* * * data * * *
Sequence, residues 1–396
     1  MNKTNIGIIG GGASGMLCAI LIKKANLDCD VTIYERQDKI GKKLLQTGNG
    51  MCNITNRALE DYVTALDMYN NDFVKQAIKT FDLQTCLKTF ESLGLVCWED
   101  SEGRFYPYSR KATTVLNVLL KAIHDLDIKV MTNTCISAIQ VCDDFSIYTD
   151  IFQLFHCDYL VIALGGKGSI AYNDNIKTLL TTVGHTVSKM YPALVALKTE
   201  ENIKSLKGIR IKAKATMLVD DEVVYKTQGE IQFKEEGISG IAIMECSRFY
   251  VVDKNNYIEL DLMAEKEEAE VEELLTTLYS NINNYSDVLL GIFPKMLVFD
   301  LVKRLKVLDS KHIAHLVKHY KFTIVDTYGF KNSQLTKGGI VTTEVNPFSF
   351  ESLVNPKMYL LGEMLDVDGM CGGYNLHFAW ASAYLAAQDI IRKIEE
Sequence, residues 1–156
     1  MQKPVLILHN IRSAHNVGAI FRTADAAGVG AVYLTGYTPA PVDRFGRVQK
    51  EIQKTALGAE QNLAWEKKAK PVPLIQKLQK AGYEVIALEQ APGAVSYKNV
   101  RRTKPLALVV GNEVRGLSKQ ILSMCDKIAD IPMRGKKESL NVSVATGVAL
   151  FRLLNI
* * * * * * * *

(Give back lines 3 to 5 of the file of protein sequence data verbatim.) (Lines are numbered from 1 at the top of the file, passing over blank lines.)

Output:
    51  MCNITNRALE DYVTALDMYN NDFVKQAIKT FDLQTCLKTF ESLGLVCWED
   101  SEGRFYPYSR KATTVLNVLL KAIHDLDIKV MTNTCISAIQ VCDDFSIYTD
   151  IFQLFHCDYL VIALGGKGSI AYNDNIKTLL TTVGHTVSKM YPALVALKTE